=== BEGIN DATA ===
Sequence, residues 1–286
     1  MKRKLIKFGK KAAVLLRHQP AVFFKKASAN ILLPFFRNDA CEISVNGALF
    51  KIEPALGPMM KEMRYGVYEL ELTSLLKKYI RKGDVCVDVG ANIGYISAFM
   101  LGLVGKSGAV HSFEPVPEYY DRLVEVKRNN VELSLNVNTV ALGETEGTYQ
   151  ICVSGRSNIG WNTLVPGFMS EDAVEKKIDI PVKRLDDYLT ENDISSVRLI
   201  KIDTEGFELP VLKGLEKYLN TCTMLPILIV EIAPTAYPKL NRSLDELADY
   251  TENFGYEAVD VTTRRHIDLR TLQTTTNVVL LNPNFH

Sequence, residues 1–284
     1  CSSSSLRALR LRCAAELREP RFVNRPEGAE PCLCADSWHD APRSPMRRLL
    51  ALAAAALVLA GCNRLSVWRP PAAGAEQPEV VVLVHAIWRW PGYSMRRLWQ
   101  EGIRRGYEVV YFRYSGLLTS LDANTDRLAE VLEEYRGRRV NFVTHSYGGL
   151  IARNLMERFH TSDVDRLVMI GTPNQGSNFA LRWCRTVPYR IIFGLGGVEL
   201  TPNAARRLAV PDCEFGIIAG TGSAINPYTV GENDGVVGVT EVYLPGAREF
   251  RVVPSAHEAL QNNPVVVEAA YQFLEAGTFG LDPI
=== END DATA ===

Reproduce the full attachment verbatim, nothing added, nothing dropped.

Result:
Sequence, residues 1–286
     1  MKRKLIKFGK KAAVLLRHQP AVFFKKASAN ILLPFFRNDA CEISVNGALF
    51  KIEPALGPMM KEMRYGVYEL ELTSLLKKYI RKGDVCVDVG ANIGYISAFM
   101  LGLVGKSGAV HSFEPVPEYY DRLVEVKRNN VELSLNVNTV ALGETEGTYQ
   151  ICVSGRSNIG WNTLVPGFMS EDAVEKKIDI PVKRLDDYLT ENDISSVRLI
   201  KIDTEGFELP VLKGLEKYLN TCTMLPILIV EIAPTAYPKL NRSLDELADY
   251  TENFGYEAVD VTTRRHIDLR TLQTTTNVVL LNPNFH

Sequence, residues 1–284
     1  CSSSSLRALR LRCAAELREP RFVNRPEGAE PCLCADSWHD APRSPMRRLL
    51  ALAAAALVLA GCNRLSVWRP PAAGAEQPEV VVLVHAIWRW PGYSMRRLWQ
   101  EGIRRGYEVV YFRYSGLLTS LDANTDRLAE VLEEYRGRRV NFVTHSYGGL
   151  IARNLMERFH TSDVDRLVMI GTPNQGSNFA LRWCRTVPYR IIFGLGGVEL
   201  TPNAARRLAV PDCEFGIIAG TGSAINPYTV GENDGVVGVT EVYLPGAREF
   251  RVVPSAHEAL QNNPVVVEAA YQFLEAGTFG LDPI